And after those days we took up our carriages, and went up to Jerusalem.
(Children's Sermon): — This would read like a scene at a railway station only for the fact that carriages are not taken up, but take up. But in the Bible, the word "carriage" means the act of carrying, and carriages what is carried (Judges 18:21; 1 Samuel 17:22; Isaiah 10:28); just as luggage means what has to be lugged about.
I. WE HAVE ALL GOT BUNDLES TO CARRY. You know how it is in travelling. A good many things can be packed away in trunks, but some must be carried in the hand. How many things we have to carry in life — as children our toys, when bigger our school books, when men things for family comforts, etc., and he is a poor creature who is ashamed to be seen carrying a bundle home to his Jerusalem. Then think how much ships have to carry, and armies. The word "impediment" comes from impedimenta, the baggage belonging to a Roman army. And what a lot of things have to be carried when we move from one house to another. But besides all these we have duties and responsibilities — big and little — which must be carried; and it seems as though some people had more than their share, while others dodge their duties, as "leaders" in a stage coach seem to do, leaving all the hard work to the "wheelers." But never shirk a duty when once it has been made plain.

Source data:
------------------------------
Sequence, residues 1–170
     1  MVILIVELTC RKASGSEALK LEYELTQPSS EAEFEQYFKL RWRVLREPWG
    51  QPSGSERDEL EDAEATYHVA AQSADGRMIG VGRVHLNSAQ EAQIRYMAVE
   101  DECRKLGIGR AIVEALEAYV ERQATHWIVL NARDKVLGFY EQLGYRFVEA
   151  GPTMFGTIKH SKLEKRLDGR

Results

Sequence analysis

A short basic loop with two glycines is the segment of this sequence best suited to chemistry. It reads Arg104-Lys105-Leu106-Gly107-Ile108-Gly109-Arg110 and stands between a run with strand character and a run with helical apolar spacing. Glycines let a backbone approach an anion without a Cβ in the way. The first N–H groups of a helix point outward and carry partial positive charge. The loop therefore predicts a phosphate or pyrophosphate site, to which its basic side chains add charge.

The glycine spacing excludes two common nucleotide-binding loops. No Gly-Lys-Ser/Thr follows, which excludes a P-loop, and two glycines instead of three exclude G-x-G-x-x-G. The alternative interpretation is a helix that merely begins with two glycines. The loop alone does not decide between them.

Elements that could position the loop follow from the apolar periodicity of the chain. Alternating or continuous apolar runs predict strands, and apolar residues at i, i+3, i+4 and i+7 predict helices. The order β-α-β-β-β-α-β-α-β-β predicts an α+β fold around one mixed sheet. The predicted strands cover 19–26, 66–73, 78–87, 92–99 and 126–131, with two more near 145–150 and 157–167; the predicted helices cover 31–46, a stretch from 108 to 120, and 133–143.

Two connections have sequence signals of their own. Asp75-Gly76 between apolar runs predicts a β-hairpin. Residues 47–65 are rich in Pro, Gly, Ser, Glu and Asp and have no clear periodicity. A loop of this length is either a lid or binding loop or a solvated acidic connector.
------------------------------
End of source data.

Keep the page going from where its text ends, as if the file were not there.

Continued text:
II. EVERY MAN MUST CARRY HIS OWN BUNDLE. St. Paul says, "Bear ye one another's burdens,...for every man shall bear his own burden" — i.e., we ought to help others because when we have done our utmost in this way we shall have enough to do to answer for ourselves. When we are out on a large party each has his own umbrella, handbag, etc.; but there are packages containing things belonging to all. Now it would not be right to simply carry our own things and refuse a helping hand to the rest. Yet sometimes you see selfish people leaving everything, even their own bundles, to others; now Paul was not like this. He was too self-reliant, too generous, too courteous. When seemingly utterly overburdened with his own duties and troubles, he said, "Look not every man on his own things, but also on the things of others," and himself set the example.
III. WE MUST CARRY OUR BUNDLES IN SPITE OF TEMPTATIONS TO LAY THEM DOWN. It is very easy to discourage and to be discouraged. When you have been on an errand and were carrying things home, have you never met with companions who said, "Wait a bit and have a game"? Or when you have had a hard lesson have you not heard a voice saying, "You will never learn it in time; why then trouble?" Bunyan tells us how much Christian was discouraged by the report of Timorous and Mistrust about lions in the path. So it was with Paul. On this journey to Jerusalem he was constantly meeting with people who said, "Don't go." And how many people there are who would have replied, "Perhaps you are right," and have laid down their bundles. Never do that, but persist in carrying your bundle to your journey's end, in doing your duty until it is completely done.
Parallel VersesKJV: And after those days we took up our carriages, and went up to Jerusalem.